While the potatoes are in the over, caramelize the onions in a pan with olive oil. Set aside.

Once the potatoes have cooled so you can touch them, slice off the top 1/4 of the spuds, length-wise. Scoop out enough potato from the remaining 3/4 so you are left with about /14-inch before you reach the skin. Careful not to scrape all the way through. I found it’s actually easiest to sort of stab the insides of the potato with a fork to loosen it up before scooping.

Place what you cut off/scooped out of the potatoes into a bowl. Add the cheese, yogurt, peppers, onions, salt and pepper. Mash together using the tines of a fork.

Scoop the filling back into the potato “shells” and bake in the oven for another 15 minutes, or until the top is golden.

Everything can be assembled  – except for the last baking – the day before the party and kept in the refrigerator. Right as the party starts, place the potatoes in the oven for their final 15 minutes. Serve warm.

Serves 10 if everyone takes two.

*Throughout December, “Merry and Bites” will feature finger foods with seasonal flair. All of them can be found here. Happy holidays!

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by Sarah Steimer and Caitlin Saniga

Vodpod videos no longer available.

There are only five more days until Hanukkah and 10 more days until Christmas, and according to a few informal surveys – a lot of people out there aren’t ready yet.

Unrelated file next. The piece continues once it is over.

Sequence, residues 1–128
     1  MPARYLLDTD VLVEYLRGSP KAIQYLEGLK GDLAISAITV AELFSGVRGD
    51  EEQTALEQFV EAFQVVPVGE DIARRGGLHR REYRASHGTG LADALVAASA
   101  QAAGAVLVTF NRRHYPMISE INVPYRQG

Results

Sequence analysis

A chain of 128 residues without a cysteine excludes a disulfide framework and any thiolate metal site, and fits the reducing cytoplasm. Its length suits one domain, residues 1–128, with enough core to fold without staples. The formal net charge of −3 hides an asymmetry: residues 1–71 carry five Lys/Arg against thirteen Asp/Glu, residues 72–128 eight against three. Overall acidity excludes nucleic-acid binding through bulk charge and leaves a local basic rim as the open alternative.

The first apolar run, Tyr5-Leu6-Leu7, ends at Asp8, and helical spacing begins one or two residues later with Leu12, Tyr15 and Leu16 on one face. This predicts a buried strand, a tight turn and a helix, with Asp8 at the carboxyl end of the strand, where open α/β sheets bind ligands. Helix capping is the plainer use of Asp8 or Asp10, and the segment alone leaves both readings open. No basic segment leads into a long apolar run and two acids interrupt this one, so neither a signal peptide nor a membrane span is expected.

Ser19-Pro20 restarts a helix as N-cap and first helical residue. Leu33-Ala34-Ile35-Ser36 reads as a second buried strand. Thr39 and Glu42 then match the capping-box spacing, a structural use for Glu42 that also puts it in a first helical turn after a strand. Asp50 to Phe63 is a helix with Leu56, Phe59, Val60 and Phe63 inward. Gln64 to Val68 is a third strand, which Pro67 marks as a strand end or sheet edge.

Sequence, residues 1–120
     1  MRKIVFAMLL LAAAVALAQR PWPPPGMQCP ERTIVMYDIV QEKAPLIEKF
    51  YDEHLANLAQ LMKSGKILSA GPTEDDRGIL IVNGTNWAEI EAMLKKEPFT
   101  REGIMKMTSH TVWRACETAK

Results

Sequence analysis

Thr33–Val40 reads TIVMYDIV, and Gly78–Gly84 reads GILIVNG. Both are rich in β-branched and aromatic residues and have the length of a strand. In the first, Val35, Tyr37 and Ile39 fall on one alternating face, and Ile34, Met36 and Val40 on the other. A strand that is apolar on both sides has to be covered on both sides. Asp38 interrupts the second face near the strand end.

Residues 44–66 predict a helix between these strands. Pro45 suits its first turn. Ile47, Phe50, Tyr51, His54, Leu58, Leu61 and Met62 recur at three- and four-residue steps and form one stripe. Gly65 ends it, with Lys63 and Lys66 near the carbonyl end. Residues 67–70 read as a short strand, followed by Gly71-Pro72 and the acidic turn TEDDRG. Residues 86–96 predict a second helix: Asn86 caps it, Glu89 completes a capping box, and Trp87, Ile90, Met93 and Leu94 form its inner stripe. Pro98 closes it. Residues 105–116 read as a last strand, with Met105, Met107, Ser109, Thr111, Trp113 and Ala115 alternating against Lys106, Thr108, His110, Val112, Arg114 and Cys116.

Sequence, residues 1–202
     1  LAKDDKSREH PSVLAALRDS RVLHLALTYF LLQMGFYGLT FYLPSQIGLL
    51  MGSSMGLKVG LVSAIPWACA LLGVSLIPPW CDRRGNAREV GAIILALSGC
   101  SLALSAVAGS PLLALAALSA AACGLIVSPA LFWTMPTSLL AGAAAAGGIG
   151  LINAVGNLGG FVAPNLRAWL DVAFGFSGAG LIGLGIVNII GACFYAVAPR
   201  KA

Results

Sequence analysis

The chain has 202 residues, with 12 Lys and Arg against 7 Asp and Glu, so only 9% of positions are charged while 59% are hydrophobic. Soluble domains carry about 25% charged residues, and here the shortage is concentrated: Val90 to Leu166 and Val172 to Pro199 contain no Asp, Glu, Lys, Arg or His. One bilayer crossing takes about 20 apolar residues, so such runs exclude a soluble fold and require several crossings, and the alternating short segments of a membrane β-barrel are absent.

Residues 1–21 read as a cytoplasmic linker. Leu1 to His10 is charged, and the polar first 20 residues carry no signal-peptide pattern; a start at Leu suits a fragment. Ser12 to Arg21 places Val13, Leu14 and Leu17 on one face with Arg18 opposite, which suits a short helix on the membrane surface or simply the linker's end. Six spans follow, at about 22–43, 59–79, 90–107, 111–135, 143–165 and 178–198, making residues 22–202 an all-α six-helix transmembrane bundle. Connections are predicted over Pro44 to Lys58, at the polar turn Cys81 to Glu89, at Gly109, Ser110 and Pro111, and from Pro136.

So on top of offering recipes for your holiday parties and charitable ideas for your yearly donation, we’ve also kindly put together a list of great holiday gifts for the food love in your life – whether he or she likes to entertain, is a seasoned pro or is just getting started.

Small kitchen appliance

  • Crock-Pot slow cooker
    • You really, truly cannot go wrong with a slow cooker. It’s so simple to use and does all the work for you. A slow-cooker can make anything from chili to dessert, or just simply keep your punch warm at a party. —S
  • Cuisinart 7-cup food processor
    • I’ve had my eye on this mid-size food processor for quite some time. Right now I use a blender to do many tasks, but a food processor opens up so many more possibilities! It can chop nuts, cut up meat, mix ingredients for bread dough, churn out pesto, etc. Consumer reviews say this machine does great work for the price and size. —C